What Causes Rain?
What Causes Rain? You know that rain falls from clouds. Water is constantly evaporated from the earth’s surface by the warmth of the sun. The invisible water vapor is carried upward by the warm, rising air.
When the air cools, some of its moisture condenses into tiny droplets of water, which collect to form the clouds we see in the sky.
As the air continues to cool, the clouds become thick rain clouds that darken the sky. The air movement in the cloud causes the droplets to bump into others. Some of the bumping droplets join together and form drops big enough to fall as rain.
There are three different ways of turning moist air into cloud, so that it rains or snows. Rain – and other forms of precipitation – occurs when warm moist air cools and condensation occurs. Since warm air can hold more water than cool air, when the warmer air is cooled the moisture condenses to liquid – and it rains.
Frontal rain occurs when two air masses meet. When a warm air mass meets a cold air mass, they don’t mix as they have different densities (a bit like oil and water). Instead, the warm less dense air is pushed up over the cold dense air creating the ‘front’. As a result, much like when air is forced up over mountains, the warm less dense air cools, and the water vapor condenses into water and falls as raindrops.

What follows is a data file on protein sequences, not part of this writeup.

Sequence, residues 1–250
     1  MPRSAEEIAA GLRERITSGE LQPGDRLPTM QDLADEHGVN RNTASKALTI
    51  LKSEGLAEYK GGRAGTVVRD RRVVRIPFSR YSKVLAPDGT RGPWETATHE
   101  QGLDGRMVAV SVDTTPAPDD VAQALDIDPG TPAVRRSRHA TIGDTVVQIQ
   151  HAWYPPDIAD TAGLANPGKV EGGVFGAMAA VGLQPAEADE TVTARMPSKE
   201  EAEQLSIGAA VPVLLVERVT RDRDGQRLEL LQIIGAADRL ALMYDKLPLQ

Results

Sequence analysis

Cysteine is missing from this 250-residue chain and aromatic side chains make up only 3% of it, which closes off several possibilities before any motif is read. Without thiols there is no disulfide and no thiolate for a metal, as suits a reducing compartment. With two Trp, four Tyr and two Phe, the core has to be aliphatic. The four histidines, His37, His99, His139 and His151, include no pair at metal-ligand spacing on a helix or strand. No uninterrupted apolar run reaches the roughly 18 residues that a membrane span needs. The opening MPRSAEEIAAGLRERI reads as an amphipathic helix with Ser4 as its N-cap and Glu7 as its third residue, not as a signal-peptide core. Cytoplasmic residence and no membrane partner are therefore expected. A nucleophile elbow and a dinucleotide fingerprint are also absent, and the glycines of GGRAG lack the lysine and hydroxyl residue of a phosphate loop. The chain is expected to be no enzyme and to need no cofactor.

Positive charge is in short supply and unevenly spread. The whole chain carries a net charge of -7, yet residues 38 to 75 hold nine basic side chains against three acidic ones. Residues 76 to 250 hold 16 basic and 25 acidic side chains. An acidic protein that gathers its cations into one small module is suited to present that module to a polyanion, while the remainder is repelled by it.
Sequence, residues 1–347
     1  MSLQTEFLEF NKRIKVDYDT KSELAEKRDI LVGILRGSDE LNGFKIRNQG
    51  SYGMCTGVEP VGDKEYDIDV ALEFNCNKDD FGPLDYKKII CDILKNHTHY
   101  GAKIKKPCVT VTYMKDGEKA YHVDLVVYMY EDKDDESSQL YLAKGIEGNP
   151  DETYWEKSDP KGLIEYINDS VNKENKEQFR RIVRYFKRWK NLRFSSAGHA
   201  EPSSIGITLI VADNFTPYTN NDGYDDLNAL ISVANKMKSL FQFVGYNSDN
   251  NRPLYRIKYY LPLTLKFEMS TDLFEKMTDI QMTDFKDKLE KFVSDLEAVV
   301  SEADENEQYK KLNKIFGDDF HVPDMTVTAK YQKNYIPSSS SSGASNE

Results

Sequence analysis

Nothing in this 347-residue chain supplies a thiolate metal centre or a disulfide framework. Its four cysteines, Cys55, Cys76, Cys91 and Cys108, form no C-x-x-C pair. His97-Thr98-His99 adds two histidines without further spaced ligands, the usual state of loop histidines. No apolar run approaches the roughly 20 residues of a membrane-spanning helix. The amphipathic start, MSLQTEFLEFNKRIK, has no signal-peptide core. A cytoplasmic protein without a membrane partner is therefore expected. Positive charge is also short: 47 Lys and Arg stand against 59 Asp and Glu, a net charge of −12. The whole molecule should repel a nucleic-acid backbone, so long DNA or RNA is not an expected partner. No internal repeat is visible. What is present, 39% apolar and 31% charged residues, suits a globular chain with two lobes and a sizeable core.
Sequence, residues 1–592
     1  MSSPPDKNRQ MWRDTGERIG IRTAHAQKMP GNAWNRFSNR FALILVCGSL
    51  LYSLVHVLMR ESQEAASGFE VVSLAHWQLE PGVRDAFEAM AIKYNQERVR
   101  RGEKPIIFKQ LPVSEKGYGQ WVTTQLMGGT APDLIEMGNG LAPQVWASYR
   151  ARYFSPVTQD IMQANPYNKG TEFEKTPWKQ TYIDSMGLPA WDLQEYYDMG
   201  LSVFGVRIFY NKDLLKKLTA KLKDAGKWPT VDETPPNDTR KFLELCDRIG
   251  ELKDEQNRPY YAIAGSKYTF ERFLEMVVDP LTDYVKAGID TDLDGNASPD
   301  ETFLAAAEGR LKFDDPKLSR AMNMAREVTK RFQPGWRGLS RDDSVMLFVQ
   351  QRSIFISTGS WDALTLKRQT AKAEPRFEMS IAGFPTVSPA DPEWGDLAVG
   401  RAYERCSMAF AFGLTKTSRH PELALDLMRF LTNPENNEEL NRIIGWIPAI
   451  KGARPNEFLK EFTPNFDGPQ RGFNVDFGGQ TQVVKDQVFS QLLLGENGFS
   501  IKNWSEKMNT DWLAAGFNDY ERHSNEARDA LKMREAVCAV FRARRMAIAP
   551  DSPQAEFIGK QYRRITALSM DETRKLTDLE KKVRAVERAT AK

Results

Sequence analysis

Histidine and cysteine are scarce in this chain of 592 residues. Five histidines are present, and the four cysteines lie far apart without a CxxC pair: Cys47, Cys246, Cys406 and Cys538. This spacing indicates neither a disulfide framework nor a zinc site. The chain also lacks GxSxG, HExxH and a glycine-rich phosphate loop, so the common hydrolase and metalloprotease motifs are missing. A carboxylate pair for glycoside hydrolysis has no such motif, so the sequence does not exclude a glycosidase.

Orographic rain is rainfall produced as a result of clouds formed from the topography – or shape – of the land. Where there is high ground moist air is forced upwards producing cloud and potentially, precipitation.
Mountainous areas close to prevailing westerly winds are most likely to experience this type of rainfall.
Convective rain is produced by convective cloud. Convective cloud is formed in vertical motions that result from instability of the atmosphere.
One way that the atmosphere can become unstable is by heating from the sun. The ground warms up, causing moisture in the ground to evaporate and rise, and the hot ground also heats the air above it.
As the water vapor rises, it cools and condenses into clouds and eventually rain. When you heat the air from below like this, much like in a boiling kettle, you tend to get “bubbles” of rising air, known as up-draughts.
These are much smaller than the large-scale lifting of air that occurs at fronts and over mountain ranges. Sometimes, you can get all three types of rain at once, and this can lead to severe flooding.